Consider the case of $M_{12}$. Let $V$ be its ($11$-dimensional) "standard" representation, by which I mean the nontrivial factor of $\mathbb{C}^{12}$ on which $M_{12}$ acts by permutation of coordinates (in other words, $V$ is the set of elements of $\mathbb{C}^{12}$ of zero sum). A simple computation using GAP (see below) reveals that, among the exterior powers $\bigwedge^i V$ for $0\leq i\leq 5$, (A) every irreducible factor occurs with multiplicity one (by this I mean that in the decomposition of $\bigwedge^i V$ into irreducible components, they are pairwise non-isomorphic), and (B) among such factors appear $12$ of the $15$ irreducible representations of $M_{12}$, namely all except the two $16$-dimensional ones and the $54$-dimensional one.

Furthermore recall the following standard and easy fact (see, e.g., Fulton & Harris, Representation Theory (2004), §2.4, formula (2.31)): if $U$ is a (finite dimensional) representation of a finite group $G$, and $W$ is an irreducible representation of $G$ with character $\chi_W$, then the projection of $U$ onto the sum of all its irreducible factors isomorphic to $W$ is given by $\psi(x) = \frac{\dim W}{\#G} \sum_{g\in G} \overline{\chi_W(g)}\cdot gx$. Consequently, if $U$ is known (say, $\bigwedge^i V$ in the context above) and $W$ is an irreducible representation which is to be constructed but whose character $\chi_W$ is known, and which occurs with multiplicity exactly $1$ in $U$, we can indeed construct $W$ as the set of $x \in U$ such that $\sum_{g\in G} \overline{\chi_W(g)}\cdot gx = \frac{\#G}{\chi_W(1)}\, x$.

For example, $\bigwedge^3 V$ (which is completely explicit) is the direct sum of the $45$-dimensional and $120$-dimensional representations: this provides a construction of the former, say, as the set of $x \in \bigwedge^3 V$ such that $45x + 5 \sum_{g\in\mathrm{2A}} gx - 3 \sum_{g\in\mathrm{2B}} gx + \cdots + \sum_{g\in\mathrm{11B}} gx = 2112\, x$ (labeling the classes as in GAP and the ATLAS): not a very nice construction, but still arguably a form of answer. Of course, one can do better by looking more closely at the values in the caracter table, and discriminate on the value of just about any single class: for example, the same $45$-dimensional representations is the set of $x \in \bigwedge^3 V$ such that $\sum_{g\in\mathrm{2A}} gx = 44x$ (whereas the $120$-dimensional one is the set of $x \in \bigwedge^3 V$ such that $\sum_{g\in\mathrm{2A}} gx = 0$), which is already a bit nicer.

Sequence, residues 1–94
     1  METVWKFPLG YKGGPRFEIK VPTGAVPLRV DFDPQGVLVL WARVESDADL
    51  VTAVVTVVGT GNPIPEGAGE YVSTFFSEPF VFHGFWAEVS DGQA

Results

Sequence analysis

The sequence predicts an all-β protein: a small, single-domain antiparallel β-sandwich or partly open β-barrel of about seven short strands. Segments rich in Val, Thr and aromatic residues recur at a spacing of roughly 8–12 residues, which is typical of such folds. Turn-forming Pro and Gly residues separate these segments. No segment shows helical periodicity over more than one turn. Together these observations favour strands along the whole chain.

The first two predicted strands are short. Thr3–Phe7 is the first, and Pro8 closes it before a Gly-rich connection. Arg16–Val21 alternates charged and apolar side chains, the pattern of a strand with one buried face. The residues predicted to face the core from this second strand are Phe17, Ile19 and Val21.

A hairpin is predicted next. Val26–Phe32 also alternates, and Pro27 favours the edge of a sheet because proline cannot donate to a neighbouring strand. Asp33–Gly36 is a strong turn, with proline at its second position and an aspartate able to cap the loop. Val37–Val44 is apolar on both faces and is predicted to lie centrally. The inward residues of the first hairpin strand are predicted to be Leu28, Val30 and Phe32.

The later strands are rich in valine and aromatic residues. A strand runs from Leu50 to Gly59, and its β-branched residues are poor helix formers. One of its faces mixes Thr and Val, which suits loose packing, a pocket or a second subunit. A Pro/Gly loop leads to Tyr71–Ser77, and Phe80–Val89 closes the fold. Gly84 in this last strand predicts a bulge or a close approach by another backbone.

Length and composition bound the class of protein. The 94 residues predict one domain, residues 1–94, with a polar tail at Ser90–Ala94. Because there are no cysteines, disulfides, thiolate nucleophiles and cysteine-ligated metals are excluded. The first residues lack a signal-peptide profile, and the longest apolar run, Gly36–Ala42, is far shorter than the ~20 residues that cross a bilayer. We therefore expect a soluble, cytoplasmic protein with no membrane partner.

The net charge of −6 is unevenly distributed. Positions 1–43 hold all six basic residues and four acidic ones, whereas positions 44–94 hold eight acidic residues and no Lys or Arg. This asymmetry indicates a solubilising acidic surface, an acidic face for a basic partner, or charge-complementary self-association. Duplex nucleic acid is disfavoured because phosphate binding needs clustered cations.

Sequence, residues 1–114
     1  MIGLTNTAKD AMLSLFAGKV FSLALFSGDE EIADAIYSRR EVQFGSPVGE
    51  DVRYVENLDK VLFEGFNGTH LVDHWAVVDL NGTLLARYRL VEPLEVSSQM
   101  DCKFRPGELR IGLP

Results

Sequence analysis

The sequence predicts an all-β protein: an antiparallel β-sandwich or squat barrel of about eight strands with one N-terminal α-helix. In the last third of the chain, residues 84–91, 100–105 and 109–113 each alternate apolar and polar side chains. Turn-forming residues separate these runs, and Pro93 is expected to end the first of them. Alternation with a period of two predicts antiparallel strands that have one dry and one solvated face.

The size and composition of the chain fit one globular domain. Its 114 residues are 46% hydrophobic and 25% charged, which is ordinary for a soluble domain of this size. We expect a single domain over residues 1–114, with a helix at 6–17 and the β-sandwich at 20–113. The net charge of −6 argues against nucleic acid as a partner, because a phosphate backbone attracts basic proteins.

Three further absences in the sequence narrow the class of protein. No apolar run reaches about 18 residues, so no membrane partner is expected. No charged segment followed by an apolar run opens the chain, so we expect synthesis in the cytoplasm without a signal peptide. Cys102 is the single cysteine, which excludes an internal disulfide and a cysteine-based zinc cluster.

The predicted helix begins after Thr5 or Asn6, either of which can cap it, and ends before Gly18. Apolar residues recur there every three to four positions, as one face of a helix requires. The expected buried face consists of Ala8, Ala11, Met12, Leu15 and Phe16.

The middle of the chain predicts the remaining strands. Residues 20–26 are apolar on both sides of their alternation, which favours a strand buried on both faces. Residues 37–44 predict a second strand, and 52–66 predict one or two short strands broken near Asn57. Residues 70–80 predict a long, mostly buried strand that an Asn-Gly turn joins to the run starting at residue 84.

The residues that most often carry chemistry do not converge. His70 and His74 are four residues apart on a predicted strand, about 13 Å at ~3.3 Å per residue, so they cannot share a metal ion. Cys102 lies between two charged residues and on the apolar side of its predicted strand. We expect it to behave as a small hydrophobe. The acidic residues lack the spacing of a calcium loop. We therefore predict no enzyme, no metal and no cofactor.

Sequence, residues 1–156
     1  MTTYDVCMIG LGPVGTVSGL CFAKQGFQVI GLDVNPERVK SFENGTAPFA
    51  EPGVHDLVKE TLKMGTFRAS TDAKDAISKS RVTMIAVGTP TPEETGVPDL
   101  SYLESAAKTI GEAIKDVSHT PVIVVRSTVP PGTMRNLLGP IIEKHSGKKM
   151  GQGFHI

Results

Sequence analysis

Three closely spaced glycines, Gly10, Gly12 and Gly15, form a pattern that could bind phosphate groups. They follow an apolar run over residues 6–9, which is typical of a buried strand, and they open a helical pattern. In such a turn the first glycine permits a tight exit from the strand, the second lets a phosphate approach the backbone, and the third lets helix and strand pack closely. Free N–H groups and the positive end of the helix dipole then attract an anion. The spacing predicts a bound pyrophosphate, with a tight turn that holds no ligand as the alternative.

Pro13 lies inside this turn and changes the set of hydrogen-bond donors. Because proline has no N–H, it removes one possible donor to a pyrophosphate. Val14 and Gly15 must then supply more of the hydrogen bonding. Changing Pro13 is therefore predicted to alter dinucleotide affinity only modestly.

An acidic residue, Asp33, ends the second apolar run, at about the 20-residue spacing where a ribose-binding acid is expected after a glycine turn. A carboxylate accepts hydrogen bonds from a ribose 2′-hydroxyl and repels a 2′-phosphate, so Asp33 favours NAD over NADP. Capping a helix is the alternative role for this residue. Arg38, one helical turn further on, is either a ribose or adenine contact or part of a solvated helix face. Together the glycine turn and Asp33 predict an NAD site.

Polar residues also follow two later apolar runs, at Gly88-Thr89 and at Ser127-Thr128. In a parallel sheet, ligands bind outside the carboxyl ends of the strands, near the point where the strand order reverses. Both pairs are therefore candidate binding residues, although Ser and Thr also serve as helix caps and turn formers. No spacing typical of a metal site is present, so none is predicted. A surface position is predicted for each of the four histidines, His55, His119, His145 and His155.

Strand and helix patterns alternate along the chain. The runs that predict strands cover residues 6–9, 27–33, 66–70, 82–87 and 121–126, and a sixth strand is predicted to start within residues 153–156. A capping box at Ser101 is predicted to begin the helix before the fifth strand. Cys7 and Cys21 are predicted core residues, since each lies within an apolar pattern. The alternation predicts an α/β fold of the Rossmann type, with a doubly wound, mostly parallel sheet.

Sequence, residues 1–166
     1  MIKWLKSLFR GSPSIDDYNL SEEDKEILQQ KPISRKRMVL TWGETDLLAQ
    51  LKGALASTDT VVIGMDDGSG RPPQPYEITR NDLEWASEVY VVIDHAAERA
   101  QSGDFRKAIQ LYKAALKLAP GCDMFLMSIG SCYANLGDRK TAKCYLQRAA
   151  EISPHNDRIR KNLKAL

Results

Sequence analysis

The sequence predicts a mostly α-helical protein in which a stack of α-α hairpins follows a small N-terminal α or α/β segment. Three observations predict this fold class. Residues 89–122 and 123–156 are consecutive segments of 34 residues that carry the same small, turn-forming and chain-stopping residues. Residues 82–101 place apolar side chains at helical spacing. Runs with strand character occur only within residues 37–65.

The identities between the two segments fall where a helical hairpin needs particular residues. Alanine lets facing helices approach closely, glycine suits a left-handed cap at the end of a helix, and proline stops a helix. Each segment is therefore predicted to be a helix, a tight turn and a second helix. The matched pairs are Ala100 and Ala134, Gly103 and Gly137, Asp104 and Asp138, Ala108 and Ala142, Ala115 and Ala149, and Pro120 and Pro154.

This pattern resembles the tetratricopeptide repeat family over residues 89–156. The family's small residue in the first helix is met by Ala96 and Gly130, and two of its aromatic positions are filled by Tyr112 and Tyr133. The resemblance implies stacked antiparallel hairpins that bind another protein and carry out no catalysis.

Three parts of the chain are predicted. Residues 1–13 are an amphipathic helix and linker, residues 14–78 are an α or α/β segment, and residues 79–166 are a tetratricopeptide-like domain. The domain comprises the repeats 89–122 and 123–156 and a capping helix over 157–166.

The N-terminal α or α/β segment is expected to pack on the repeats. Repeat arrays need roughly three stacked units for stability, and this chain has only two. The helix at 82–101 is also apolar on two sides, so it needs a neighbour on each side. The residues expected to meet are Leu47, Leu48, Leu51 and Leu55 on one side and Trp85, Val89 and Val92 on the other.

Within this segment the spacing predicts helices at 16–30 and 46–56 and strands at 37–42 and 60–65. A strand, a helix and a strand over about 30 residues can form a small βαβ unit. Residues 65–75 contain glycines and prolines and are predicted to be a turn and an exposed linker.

So, if you consider this a construction, this constructs $12$ of the $15$ irreducible representations of $M_{12}$.

GAP session illustrating the computation:

 ┌───────┐   GAP, Version 4.7.9 of 29-Nov-2015 (free software, GPL)
│  GAP  │   http://www.gap-system.org
└───────┘   Architecture: x86_64-pc-linux-gnu-gcc-default64
Components: small 2.1, small2 2.0, id2 3.0, trans 1.0, prim 2.1
Packages:   CTblLib 1.2.2, FGA 1.2.0, GAPDoc 1.5.1
gap> m12 := MathieuGroup(12);
Group([ (1,2,3,4,5,6,7,8,9,10,11), (3,7,11,8)(4,10,5,6), (1,12)(2,11)(3,6)
(4,8)(5,9)(7,10) ])
gap> ctb := CharacterTable("M12");
CharacterTable( "M12" )
gap> ccl := ConjugacyClasses(m12);;
gap> ctb := CharacterTableWithStoredGroup(m12,ctb);
CharacterTable( Group([ (1,2,3,4,5,6,7,8,9,10,11), (3,7,11,8)
(4,10,5,6), (1,12)(2,11)(3,6)(4,8)(5,9)(7,10) ]) )
gap> Display(ctb);
M12

2   6  4  6  1  2  5  5  1  2  1  3  3   1   .   .
3   3  1  1  3  2  .  .  .  1  1  .  .   .   .   .
5   1  1  .  .  .  .  .  1  .  .  .  .   1   .   .
11   1  .  .  .  .  .  .  .  .  .  .  .   .   1   1

1a 2a 2b 3a 3b 4a 4b 5a 6a 6b 8a 8b 10a 11a 11b